2 1 1000 2 100 200000
3 1 1000 1 100 2 10 2000000

Quick tips for Power Automate

  • Use filter action instead of conditions within loops
  • Only have actions within loops if impacted by iteration, move everything else before or after
  • Use Compose/Select instead of loops with loops
  • Use stringfy comparison instead of comparing to lists with 2 loops
  • Use select on your api calls to decrease size of body
  • Don't use unnecessary Composes or Variables
  • Use Office Scripts for writing to Excel instead of update item action
  • Use Child flows for reusability

For Power Apps make sure you are not using unnecessary components, everyone has to be rendered on your browser, using energy. And try to use the connectors within the App when possible and not send to a flow.

Quick tips for Power Apps

  • Reuse components where possible (dynamic values)
  • Don't add unnecessary components (does that image of the logged in user add value)
  • Don't over use Timers (make sure duration isn't overly short and it ends when not needed)
  • Use showColumns/dropColumns when getting data to decrease response body size

4. Run Efficiently

The schedule trigger can be the most inefficient or most efficient way to run flows. Here's 2 use cases where a schedule could be the best and worst option.

Setting on a recurrence on every minute can drive waste if we only expect the flow to meet the right condition once a day.

Triggering a flow everytime a SharePoint file is moved, when we could wait for the end of the day and run once for all.

Picking the right trigger is critical, along with any conditions. Having a flow run only for the first action to be a condition is incredibly wasteful, as a trigger condition could have been used to stop the flow from running.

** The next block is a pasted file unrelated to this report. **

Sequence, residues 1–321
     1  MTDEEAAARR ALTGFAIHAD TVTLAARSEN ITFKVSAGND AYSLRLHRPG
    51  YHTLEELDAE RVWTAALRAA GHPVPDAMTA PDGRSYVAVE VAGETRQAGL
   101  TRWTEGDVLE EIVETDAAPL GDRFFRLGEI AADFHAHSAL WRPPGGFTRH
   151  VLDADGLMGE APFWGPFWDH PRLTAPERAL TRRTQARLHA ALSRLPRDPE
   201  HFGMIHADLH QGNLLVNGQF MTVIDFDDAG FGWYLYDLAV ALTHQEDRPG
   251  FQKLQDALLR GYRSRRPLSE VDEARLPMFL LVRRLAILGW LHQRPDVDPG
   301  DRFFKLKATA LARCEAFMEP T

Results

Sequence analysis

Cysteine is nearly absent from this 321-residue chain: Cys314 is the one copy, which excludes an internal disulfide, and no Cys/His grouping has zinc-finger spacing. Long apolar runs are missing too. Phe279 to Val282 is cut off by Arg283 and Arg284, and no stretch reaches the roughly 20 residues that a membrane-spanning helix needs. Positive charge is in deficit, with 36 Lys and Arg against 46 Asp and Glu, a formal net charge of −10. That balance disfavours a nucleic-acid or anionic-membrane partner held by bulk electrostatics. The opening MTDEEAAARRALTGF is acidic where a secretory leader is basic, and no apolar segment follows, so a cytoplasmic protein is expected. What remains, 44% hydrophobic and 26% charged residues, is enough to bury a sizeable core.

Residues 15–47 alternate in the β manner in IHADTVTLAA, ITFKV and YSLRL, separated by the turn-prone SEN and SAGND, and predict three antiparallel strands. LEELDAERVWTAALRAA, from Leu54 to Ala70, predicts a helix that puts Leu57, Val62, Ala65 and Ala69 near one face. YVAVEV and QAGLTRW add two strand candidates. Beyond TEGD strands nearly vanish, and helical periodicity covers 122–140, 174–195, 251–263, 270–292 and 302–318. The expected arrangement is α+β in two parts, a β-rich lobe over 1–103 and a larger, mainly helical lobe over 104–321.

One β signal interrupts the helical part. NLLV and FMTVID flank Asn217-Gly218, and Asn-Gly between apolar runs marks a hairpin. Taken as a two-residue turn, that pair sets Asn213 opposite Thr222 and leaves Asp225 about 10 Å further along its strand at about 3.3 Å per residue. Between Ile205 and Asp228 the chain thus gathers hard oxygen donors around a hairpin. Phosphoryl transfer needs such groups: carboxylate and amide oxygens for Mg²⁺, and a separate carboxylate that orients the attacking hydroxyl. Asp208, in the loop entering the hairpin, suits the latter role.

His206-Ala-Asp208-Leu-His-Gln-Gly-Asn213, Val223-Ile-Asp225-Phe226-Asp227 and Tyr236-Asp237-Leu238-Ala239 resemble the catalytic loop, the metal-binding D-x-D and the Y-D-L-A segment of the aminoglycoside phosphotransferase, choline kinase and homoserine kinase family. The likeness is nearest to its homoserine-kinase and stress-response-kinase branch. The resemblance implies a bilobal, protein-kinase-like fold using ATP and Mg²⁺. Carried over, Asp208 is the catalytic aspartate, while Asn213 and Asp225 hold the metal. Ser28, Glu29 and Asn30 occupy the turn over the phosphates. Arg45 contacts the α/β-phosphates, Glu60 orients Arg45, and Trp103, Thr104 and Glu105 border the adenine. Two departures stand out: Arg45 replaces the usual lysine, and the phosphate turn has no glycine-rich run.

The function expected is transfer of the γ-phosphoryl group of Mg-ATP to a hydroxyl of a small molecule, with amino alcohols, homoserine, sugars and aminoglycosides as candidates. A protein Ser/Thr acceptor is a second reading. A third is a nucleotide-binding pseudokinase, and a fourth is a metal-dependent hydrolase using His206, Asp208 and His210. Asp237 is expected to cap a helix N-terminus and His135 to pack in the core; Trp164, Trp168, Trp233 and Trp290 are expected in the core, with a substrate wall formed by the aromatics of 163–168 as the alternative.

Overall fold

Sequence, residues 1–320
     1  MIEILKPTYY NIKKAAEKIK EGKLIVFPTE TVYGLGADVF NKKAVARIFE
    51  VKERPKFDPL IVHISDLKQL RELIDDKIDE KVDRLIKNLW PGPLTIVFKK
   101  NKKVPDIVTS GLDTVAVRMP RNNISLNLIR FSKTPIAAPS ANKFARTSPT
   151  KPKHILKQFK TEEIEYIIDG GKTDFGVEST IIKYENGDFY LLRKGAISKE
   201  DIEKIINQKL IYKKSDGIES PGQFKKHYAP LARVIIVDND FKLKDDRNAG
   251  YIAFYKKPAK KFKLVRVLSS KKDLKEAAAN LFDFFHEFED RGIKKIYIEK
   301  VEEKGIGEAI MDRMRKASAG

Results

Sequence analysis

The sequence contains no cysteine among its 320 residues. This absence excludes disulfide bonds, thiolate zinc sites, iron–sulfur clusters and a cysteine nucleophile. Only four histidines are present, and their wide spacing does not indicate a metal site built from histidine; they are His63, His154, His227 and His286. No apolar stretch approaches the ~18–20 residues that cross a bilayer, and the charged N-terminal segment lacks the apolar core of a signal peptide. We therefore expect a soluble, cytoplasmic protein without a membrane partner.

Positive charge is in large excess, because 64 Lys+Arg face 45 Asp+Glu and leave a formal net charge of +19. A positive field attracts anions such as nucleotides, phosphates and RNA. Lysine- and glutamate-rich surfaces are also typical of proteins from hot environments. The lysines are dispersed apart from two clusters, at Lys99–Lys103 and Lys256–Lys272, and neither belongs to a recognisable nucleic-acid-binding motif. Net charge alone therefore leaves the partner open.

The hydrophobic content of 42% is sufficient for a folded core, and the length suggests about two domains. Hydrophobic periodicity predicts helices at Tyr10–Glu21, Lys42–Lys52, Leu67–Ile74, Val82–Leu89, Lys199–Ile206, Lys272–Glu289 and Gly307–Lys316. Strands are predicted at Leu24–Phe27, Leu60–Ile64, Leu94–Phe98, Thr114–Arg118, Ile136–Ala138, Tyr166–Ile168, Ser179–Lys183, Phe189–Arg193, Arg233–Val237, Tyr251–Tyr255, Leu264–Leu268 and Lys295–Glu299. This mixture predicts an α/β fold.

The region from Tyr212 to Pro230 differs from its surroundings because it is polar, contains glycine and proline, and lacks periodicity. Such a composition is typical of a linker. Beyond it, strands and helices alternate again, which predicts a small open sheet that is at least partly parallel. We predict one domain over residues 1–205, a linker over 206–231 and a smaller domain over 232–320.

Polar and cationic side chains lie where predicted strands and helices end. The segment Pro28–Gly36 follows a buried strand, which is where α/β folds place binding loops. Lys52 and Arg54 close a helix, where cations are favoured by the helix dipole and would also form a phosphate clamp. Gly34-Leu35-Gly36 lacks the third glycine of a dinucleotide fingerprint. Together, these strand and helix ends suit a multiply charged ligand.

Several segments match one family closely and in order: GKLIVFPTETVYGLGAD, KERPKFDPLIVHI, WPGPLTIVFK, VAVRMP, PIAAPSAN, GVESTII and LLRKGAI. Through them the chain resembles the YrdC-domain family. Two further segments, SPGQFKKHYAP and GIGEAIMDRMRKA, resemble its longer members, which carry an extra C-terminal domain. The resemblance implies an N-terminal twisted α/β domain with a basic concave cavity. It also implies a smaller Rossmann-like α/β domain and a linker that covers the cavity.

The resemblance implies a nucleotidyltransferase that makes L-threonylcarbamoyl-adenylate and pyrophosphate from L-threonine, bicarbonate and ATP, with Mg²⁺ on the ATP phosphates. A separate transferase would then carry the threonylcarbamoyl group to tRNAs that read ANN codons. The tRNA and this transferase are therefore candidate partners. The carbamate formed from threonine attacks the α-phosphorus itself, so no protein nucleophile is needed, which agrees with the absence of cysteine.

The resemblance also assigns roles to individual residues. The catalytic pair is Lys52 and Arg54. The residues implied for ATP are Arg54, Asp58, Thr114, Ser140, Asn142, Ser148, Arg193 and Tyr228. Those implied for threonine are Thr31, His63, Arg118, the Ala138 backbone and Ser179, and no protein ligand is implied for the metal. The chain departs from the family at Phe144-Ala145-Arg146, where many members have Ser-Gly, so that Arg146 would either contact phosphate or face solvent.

5. House Keeping

This is a big one, I see far too often unused apps and flows taking up space and impacting processes like the CoE Kit. Even worst I see flows being triggered for no reason.

I once found someone was exploring and setup a flow to run every minute, and all it did was read contents of a OneDrive file. This flow was left running for almost a year, just imagine the wasted energy.

It's so easy not to see the consequences of spinning things up, and this where a well monitored platform is key. Getting good telemetry (not as easy as it should be on the Power Platform) is important to identifying unnecessary apps and flows. These unused apps and flows add zero value and should be deleted, and if you are worried about losing them either as a minimum turn the flow off, or ideally download them.

As with most things, these small changes don't seem to make any impact, but they scale up, if every developer on the platform used 1 less action and ran every flow 1 less time a day the savings will be incredible. We don't need to sacrifice quality work to be sustainable, just make sure we consider being sustainable in everything we do.

Inspired by Bala Madhusoodhanan

Top comments (1)

balagmadhu profile image
Bala Madhusoodhanan

Really cool tips.. Thanks for the mention